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J G Ballard: Cocaine Nights

On the surface, this book, at least at the start, seems a fairly conventional mystery. The Spanish resort of Estrella de Mar (which should surely be Estrella del Mar) is a retirement community for rich British expats, who do the things that these people do – tennis, boating, parties, putting on plays. Of course, as this is Ballard, things are going to start going wrong and they do. It starts with petty crime and then escalates into arson, when a wealthy industrialist’s house goes up in flames, claiming five lives. Frank Prentice is accused of (and admits to) the crime. His brother, Charles, comes out to the linguistically challenged resort to help find the real culprit.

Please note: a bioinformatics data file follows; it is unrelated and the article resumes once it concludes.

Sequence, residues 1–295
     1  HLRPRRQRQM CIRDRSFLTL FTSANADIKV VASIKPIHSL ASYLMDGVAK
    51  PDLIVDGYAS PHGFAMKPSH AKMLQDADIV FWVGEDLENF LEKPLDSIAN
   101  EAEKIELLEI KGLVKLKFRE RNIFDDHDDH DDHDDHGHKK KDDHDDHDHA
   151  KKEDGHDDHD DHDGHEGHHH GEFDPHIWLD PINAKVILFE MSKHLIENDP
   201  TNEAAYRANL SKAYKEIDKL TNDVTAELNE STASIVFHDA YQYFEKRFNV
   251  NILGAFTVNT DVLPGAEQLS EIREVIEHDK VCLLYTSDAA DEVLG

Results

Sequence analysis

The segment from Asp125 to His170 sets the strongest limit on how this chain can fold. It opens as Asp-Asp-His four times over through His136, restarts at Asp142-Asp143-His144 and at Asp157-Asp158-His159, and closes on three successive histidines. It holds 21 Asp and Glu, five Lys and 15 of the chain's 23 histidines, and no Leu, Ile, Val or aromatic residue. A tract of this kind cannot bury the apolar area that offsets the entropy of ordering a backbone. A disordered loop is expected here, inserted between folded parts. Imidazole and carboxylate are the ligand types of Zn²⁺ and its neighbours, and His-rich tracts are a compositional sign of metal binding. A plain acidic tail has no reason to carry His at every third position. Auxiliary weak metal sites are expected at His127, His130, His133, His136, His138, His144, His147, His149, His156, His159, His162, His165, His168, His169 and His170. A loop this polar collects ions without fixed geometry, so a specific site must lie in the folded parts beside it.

Of course, in the hands of a more conventional writer this could have been an interesting whodunit coupled with a satire on the lives of the idle rich, their attitudes towards the”natives” and their casual sex-and-drinking. Ballard has all this, of course, but he is also interested in exploring the future and the future for him is how to keep these early retirees amused. The answer is not tennis, sex and whisky and soda but violence. As tennis pro Bobby Crawford nicely puts it There’s nothing like a violent reflex now and then to tune up the nervous system. Of course, Ballard has been down this road before, not least with Crash. Violence is not necessarily something that we should fear but, rather, it energizes us, make us alive, even as it kills us. Crawford may end up lying among his bloodied balls but his death will energize and bring together a community.

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